Happy Birthday Barbara Jordan!!!

BJordanToday is the birthday of the first African American elected to the Texas Senate after Reconstruction and the first southern black female elected to the United States House of Representatives, Barbara Jordan.

A PK, (Preacher’s kid) Barbara Charline Jordan was born in Houston, Texas, on February 21, 1936. She was educated in the Houston public school system and later earned a B.A. from Texas Southern University and her law degree from Boston University in 1959. She began practicing law in Houston in 1960 and her political turning point occurred when she worked that year on the John F. Kennedy presidential campaign.

She eventually helped manage a highly organized get-out-the-vote program that served Houston’s 40 African-American precincts. In 1962 and 1964, Jordan ran for the Texas House of Representatives but lost both times, so in 1966 she ran for the Texas Senate when court-enforced redistricting created a constituency that consisted largely of minority voters. Jordan won, defeating a white liberal and becoming the first African-American state senator in the U.S. since 1883.

I have participated in this week’s activities at the University of Texas, LBJ School of Public Affairs, where Barbara Jordan’s life and achievements are celebrated by students, faculty and friends during her birthday week. This week includes a host of panel discussions and presentations about her legacy, her life and the implications of her life for today.

While Jordan was a pioneer for women and for African Americans, she also captivated the nation with her intellect, her courage, her commanding use of language and her remarkable knowledge of history and the Constitution.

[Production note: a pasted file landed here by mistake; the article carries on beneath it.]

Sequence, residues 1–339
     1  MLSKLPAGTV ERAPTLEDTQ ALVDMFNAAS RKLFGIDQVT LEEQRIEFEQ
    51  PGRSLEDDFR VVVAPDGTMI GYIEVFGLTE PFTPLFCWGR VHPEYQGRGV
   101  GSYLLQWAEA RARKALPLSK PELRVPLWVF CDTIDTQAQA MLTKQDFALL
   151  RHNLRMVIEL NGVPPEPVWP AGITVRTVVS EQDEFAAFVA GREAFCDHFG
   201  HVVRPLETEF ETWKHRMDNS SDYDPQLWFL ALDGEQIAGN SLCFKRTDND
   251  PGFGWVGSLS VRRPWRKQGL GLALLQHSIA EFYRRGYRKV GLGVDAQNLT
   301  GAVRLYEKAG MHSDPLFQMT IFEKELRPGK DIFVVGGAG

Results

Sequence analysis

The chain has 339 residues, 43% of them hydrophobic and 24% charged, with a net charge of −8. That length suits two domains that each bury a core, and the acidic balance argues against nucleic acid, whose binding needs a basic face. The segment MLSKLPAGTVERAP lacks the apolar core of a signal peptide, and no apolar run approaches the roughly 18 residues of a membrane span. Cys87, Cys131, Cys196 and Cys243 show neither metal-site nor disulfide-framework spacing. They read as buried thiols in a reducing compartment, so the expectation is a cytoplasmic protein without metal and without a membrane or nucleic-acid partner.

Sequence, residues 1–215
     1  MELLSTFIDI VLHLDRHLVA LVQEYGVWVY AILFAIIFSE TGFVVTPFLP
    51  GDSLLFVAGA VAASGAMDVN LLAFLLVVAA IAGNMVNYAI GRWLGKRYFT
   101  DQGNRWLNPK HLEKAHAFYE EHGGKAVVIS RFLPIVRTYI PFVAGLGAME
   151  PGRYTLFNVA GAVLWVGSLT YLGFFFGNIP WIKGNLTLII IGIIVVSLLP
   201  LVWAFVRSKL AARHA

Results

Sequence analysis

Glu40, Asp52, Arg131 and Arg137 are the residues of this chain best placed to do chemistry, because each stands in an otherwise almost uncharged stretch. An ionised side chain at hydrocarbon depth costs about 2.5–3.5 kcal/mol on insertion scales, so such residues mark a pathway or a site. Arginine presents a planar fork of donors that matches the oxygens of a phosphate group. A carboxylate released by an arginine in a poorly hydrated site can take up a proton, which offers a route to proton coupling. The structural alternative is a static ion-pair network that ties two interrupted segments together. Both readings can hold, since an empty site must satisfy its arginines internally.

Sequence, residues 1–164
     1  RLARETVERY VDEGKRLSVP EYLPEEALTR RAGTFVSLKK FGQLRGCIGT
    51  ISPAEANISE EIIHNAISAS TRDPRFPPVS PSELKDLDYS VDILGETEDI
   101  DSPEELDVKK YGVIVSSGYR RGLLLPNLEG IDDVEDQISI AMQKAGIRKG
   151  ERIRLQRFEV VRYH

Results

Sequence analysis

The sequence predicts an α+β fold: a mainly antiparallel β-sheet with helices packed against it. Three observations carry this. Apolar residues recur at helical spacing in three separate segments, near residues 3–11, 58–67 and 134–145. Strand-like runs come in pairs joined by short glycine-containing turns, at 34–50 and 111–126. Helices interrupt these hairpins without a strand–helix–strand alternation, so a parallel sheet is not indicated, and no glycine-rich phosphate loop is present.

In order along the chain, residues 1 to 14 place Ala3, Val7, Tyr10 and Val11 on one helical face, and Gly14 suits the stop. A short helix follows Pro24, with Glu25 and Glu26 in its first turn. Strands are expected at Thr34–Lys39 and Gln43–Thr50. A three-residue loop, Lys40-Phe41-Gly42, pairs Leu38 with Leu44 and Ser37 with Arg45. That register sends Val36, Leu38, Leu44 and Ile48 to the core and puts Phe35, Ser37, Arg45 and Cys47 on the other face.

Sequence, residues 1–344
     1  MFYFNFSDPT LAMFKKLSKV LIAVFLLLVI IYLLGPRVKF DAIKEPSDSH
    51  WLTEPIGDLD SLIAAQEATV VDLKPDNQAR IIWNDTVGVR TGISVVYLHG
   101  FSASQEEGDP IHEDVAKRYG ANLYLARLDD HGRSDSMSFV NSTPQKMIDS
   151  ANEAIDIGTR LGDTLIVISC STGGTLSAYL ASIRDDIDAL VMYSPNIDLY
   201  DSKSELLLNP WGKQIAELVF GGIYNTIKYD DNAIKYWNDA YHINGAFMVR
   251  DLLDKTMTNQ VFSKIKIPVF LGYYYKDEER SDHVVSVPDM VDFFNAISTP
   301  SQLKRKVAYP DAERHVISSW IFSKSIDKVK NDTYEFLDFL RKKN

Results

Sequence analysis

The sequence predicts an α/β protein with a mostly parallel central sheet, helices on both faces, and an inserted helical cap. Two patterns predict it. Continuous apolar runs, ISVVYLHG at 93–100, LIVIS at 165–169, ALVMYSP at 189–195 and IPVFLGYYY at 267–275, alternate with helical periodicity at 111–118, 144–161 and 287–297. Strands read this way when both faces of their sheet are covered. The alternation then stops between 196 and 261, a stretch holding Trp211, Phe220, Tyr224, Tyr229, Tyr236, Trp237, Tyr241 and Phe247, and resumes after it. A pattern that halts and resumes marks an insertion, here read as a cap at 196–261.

To avoid expected controversy and backlash from inviting a woman and an African American as the keynote speaker at the Democratic National Convention in 1976, the Democratic Party invited John Glenn to keynote too. Although John Glenn is a beloved national hero most don’t remember Glenn’s speech. After her historic keynote address she never ran for office again and spent 17 years teaching at the University of Texas.

Nestled on a hill in the Texas State Cemetery Barbara Jordan was the first African American to be buried there and etched on her headstone are the words “Teacher” and “Patriot”. She loved her country and she loved teaching. Her career was rooted in a simple value that should be a standard for anyone seeking public office—–She understood that the public’s trust should not be bargained, negotiated or sold. She dared public officials to do what you said you would do, “If we promise as public officials, we must deliver. If we as public officials propose, we must produce.”

Though Jordan died nearly 20 years ago, as a woman, African American and former elected official, I and so many others, owe her a debt of gratitude for her courage, her intellectual fortitude and her fearless fight for justice and equality. Happy Birthday!